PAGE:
In the fall of 2013, investment bank Goldman Sachs will soon have a brand-new top 10 shareholder.
As of the time of this writing, Warren Buffett is currently on pace to hold nearly 2% of Goldman Sachs stock all thanks to the incredible value of the warrants he holds in the investment bank.
Berkshire Hathaway and Goldman Sachs are currently in the process of amending the agreement that they have from the investment Warren Buffett made when the financial crisis was at its worst. Buffett’s warrants are currently sitting in an excellent position, and they are worth around $1.4 billion to him today if he decided to cash them in to own shares of Goldman Sachs.
Under the new agreement, Berkshire Hathaway is not going to get the difference in dollars, but they will receive the difference in stock and this is going to put them in line to earn 9.3 million shares if they made the deal based off of Monday’s closing price. If the deal were done at that point, Goldman Sachs would have given up 1.9% of their shares as part of this agreement.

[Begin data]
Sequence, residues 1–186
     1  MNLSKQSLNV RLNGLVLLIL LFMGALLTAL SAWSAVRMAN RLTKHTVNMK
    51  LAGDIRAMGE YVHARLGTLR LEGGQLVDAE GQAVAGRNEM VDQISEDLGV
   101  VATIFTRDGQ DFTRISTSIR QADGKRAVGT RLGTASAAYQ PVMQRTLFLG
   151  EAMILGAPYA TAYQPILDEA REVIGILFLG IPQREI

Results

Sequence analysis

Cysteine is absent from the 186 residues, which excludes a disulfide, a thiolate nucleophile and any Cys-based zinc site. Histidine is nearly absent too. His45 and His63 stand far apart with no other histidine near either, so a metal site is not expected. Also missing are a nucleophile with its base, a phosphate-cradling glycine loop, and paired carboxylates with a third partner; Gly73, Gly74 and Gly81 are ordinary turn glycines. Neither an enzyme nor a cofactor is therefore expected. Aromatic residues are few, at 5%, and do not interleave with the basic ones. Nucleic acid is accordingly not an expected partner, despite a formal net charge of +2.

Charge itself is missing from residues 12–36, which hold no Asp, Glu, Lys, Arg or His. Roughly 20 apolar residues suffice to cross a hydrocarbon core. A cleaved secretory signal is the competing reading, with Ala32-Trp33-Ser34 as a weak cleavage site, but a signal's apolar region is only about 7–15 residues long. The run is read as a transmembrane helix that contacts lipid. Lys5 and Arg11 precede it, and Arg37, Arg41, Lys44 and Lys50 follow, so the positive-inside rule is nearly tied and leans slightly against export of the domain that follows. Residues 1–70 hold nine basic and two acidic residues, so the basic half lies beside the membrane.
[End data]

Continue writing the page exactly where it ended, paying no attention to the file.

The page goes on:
Having nearly 2% of Goldman Sachs would put Warren Buffett in the number nine shareholder position of Goldman Sachs, we learned according the FactSet.
At the time of this writing, the Goldman shares were even rallying in premarket trading, and this puts Buffett and Berkshire in an even better position.
When the deal was originally made, these warrants gave Buffett the ability to buy 43.5 million shares of the company at $115 per share. Goldman rose to $125 per share in September of 2008, but then the stock tumbled to below $50 per share during the fall.
Since that time, Goldman Sachs shares are currently worth $147.80 and they’re up 1.2% in premarket trading. That would tack on another $73 million to Warren Buffett’s already substantial investment.
Under the new agreement, this change is going to take place on October 1, which is the date that the original pact was set to expire.
Also, Berkshire Hathaway and Warren Buffett are no longer going to hold any warrants, but they are instead going to get equity without the need to put up any more funds in order to get shares.